Video surveillance is a mission-critical system within the gaming sector. Not only do casinos have to be on the lookout for professional fraudsters who prey on distracted dealers and players, but they also have to stay vigilant against a wide variety of risks, such as drunken or rowdy behavior, crowding, loss and other issues that impact the safety of employees and customers. Casinos want the best in technology to not only ensure security and fraud reduction but be able to track advantage players, identify lost/left behind items and reduce employee theft. At times, budget constraints and regulatory concerns can slow down the adoption of newer technologies.
Casinos also have to comply with a variety of industry regulations, passed down by various gaming boards. Although they may vary from region-to-region, nearly every casino must adhere to some type of minimum standard as it relates to the operation of its surveillance system — be it minimum resolution/frame rate requirements or video retention. Regulatory agencies across the globe specify the number of cameras a facility must have per table or slot machine — the standard implemented depends on different factors.
With these considerations in mind, as facilities increasingly look to adopt the latest advanced technologies, here are four best practices that every casino, regardless of their shape or size, should take under advisement as they endeavor to optimize their video surveillance investment:
Ensure Quality of Video
There is no compromising when it comes to video image quality. While cheaper alternatives may be appealing from a cost perspective, less advanced devices are not equipped to handle the modern stresses of a casino — an environment with flashing lights, bright and dark areas, and significant 24×7 movement. Installing cameras that have been purpose-built to perform in casino settings are ideal. If a manufacturer doesn’t offer particular customizations suited to this market, then the odds are that their cameras haven’t been tested to withstand the rigors of a gaming floor.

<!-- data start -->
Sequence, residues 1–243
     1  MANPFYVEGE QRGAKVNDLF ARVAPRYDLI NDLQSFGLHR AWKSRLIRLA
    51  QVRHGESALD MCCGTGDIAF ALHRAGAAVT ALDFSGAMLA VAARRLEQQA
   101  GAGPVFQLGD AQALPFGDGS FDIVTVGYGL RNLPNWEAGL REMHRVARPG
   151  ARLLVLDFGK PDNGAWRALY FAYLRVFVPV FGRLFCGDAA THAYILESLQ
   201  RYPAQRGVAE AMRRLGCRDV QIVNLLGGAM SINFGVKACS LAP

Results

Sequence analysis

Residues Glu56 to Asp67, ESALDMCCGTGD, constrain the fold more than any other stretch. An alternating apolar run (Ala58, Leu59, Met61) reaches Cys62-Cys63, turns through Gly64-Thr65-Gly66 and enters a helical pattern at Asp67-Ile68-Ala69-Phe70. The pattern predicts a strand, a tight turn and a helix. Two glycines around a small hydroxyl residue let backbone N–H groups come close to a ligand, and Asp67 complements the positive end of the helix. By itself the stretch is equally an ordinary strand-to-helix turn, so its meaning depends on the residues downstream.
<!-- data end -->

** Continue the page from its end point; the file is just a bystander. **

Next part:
Have Quality Backup Systems in Place
Just as paramount as video quality is within a casino, so is redundancy. Per regulatory agencies, if any part of a camera system fails, the casino may be forced to cease operations until the system is brought back to health. Casinos must ensure there is no single point of failure within its surveillance system. A good way to test this is by going through and turning off various pieces of equipment to see how fast redundant systems take effect and whether or not there are any performance issues once back online.
Make Ease of Use a Priority
Events happen fast— surveillance teams need instant access to video footage to track threats in real-time and upon a review request. Tracking personnel around a casino floor can prove to be a challenge considering the rows upon rows of slot machines and table games. Some facilities even have multiple gaming floors. The last thing you want is for surveillance personnel having to resort to an inefficient system to gain access to the footage they require. As such, the video management system should be optimized for gaming operations and allow users to tag suspects quickly or mark groups of cameras to simplify system management.
Leverage the Power of Video with Third-Party Software Integration
Casinos are looking to get the most out of the video data generated on a daily basis. One of the ways businesses accomplish this is by integrating the surveillance network with other software platforms, such as point-of-sale systems or building controls. A casino’s VMS should also be able to interface with other security sensors on the gaming floor. Ideally, if a slot machine were to be opened, the door alarm on that machine should be sent to the control room, and a camera feed from the area should immediately pop onto an operator’s screen to verify the footage. However, that is currently not the case for a majority of systems within the industry.
The pace of technology advancement means that casinos must be prepared for the next-generation of video hardware and software solutions to make sure they are ready to evolve operations when the time is right. Now is the time to get educated on where you can take your investments. Learn more about Pelco solutions for the casinos and gaming sector here.